France could ruin television viewing for thousands of people in southern England by beaming high-powered digital signals across the Channel, a public spending watchdog has warned.
Once the French have achieved digital switchover, scheduled for November 2011, there will be a risk of interference with the digital terrestrial signal in parts of southern England, the National Audit Office (NAO) said.
The programme to replace the UK’s existing analogue television network with a fully digital network is scheduled to be completed by the end of 2012.
‘On current timetables there is a risk that once France has achieved digital switchover, at present scheduled for November 2011, there may be interference with the current digital terrestrial signal in parts of southern England as a consequence of high-powered digital transmissions from France,’ the report prepared for the BBC Trust said.
Extra cost to BBC
The NAO said Ofcom, the independent regulator, is leading negotiations with the French to coordinate programmes and minimise the risk.
But any decision to bring forward the digital switchover timetable, for example to avoid such interference, would result in some additional costs for the BBC, the study said.
The BBC considers that such changes to the timetable are ‘unlikely’ but in this event would seek compensation for its additional costs from the government, it said.
Cumbria switches off
The switchover ‘flagship’ area in the UK is Copeland in Cumbria, where 25,000 households in the town of Whitehaven and the surrounding borough of Copeland had all analogue channels switched off at 3.27am yesterday.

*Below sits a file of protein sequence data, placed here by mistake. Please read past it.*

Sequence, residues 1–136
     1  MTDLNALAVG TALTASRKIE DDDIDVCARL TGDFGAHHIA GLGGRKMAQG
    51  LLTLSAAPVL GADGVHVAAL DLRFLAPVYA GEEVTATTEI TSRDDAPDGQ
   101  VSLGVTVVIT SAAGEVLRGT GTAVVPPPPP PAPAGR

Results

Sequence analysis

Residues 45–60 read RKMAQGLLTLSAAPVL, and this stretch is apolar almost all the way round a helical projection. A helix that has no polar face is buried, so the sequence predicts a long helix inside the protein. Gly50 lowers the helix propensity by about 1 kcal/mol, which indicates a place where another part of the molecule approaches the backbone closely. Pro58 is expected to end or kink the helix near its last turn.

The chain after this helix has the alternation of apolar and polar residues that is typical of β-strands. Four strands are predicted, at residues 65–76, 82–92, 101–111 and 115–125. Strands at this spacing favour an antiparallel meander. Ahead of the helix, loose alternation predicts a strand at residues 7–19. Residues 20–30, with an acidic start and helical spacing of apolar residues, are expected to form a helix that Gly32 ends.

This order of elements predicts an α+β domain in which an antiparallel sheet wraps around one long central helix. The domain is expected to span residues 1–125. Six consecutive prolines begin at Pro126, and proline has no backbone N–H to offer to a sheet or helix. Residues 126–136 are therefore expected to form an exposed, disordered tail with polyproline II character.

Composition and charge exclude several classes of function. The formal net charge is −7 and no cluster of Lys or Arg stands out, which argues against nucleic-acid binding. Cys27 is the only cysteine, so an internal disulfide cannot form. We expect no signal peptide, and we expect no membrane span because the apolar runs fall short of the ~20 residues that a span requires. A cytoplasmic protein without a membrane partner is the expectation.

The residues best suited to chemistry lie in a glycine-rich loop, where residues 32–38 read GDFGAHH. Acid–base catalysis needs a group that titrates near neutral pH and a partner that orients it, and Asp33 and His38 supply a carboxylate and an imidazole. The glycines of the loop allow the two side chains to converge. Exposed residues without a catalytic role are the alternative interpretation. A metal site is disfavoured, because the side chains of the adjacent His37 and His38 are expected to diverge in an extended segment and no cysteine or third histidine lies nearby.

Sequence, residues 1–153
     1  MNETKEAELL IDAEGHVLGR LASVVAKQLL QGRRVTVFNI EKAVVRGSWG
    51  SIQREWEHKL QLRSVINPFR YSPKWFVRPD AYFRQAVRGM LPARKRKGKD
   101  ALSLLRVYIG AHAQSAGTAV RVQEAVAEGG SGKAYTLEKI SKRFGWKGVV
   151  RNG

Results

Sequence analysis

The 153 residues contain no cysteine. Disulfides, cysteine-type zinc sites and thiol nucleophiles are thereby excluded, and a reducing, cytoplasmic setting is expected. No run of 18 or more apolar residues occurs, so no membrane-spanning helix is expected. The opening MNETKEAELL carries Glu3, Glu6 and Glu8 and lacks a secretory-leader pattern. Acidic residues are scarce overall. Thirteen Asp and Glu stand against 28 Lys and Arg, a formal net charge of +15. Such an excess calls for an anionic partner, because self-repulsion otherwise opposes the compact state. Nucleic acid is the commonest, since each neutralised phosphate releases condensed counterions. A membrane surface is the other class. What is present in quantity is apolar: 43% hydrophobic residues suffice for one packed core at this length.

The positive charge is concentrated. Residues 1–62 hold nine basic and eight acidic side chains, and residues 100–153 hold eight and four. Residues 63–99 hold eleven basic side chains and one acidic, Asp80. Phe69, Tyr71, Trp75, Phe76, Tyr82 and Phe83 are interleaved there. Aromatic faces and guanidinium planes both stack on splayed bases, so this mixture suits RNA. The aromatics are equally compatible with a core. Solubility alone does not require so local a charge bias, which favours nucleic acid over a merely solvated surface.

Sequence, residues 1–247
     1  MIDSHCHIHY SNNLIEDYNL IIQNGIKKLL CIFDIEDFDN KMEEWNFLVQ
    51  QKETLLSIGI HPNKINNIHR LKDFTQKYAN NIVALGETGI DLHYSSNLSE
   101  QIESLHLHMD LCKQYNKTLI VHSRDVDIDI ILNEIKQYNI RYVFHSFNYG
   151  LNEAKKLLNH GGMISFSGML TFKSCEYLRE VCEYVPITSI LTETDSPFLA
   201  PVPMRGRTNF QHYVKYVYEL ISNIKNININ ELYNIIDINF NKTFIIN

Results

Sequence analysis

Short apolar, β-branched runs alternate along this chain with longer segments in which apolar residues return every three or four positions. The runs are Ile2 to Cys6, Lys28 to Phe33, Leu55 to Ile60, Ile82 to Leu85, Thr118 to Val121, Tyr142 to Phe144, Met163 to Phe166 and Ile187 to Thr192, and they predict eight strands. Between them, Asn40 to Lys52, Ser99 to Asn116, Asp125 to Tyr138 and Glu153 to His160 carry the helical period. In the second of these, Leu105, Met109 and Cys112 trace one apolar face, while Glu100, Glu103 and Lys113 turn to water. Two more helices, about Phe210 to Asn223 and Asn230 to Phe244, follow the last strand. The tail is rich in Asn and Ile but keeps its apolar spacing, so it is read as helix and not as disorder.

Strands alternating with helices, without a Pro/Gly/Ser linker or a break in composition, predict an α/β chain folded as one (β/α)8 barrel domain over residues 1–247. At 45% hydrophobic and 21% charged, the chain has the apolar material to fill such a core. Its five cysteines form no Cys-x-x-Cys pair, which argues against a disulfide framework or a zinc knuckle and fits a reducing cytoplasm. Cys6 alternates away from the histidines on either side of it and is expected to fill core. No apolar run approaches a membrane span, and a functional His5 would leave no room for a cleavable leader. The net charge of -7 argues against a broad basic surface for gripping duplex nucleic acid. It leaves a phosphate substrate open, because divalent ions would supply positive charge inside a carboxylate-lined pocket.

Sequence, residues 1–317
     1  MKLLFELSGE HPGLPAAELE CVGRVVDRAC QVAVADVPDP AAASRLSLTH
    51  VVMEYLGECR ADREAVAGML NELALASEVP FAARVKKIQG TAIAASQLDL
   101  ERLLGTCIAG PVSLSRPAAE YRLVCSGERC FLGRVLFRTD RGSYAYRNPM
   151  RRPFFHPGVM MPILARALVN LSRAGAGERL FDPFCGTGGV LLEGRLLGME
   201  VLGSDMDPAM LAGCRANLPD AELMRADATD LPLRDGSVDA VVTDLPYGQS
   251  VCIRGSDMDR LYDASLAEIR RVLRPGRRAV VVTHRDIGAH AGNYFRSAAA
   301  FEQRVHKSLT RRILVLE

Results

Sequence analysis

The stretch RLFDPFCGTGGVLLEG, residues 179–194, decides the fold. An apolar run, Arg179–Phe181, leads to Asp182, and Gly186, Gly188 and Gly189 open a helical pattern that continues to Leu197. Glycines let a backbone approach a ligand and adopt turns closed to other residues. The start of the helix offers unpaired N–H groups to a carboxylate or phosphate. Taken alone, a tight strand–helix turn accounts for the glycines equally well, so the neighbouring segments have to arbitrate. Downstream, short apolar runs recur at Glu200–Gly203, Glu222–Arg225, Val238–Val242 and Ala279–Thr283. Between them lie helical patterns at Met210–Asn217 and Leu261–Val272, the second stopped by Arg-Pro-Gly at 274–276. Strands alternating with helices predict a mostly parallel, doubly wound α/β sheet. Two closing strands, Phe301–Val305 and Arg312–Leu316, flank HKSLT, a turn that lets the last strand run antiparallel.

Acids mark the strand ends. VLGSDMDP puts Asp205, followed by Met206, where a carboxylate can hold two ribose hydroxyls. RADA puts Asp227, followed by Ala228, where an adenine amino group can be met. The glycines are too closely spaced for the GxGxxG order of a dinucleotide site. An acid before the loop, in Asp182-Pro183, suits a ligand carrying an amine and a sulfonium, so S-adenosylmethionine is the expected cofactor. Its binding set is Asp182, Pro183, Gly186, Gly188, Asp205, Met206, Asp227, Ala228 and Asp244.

Switchover will now be implemented across the UK television region by television region, from 2008 to 2012.
When the southern regions convert to the stronger digital signal they should be unaffected by the French transmissions.
According to the Digital UK website, the organisation leading the process of digital TV switchover in the UK, switchover starts in the London TV region in 2012. The Meridian television region is scheduled for switchover from 2011 to 2012.
In its report, the NAO recommended the BBC should ‘act to protect its position’ in certain areas including further strengthening its oversight of switchover work with independent representation on the project governance board.
It also recommended that lessons from the Copeland scheme were incorporated in the procurement of the National Digital Switchover Help Scheme.
The scheme provides help with the transition to people aged 75 and over and people with a significant disability.
Jeremy Peat, BBC trustee, said: ‘The trust accepts the report’s conclusions and has discussed the NAO’s findings and recommendations with the BBC Executive.
‘The trust is content that the BBC management team’s proposed actions are an appropriate response and endorses them.
‘Furthermore, the trust will continue to scrutinise the BBC’s preparations for digital switchover and will commission a review of the Digital Switchover Help Scheme around 2009 to monitor the operational value for money of the scheme.’
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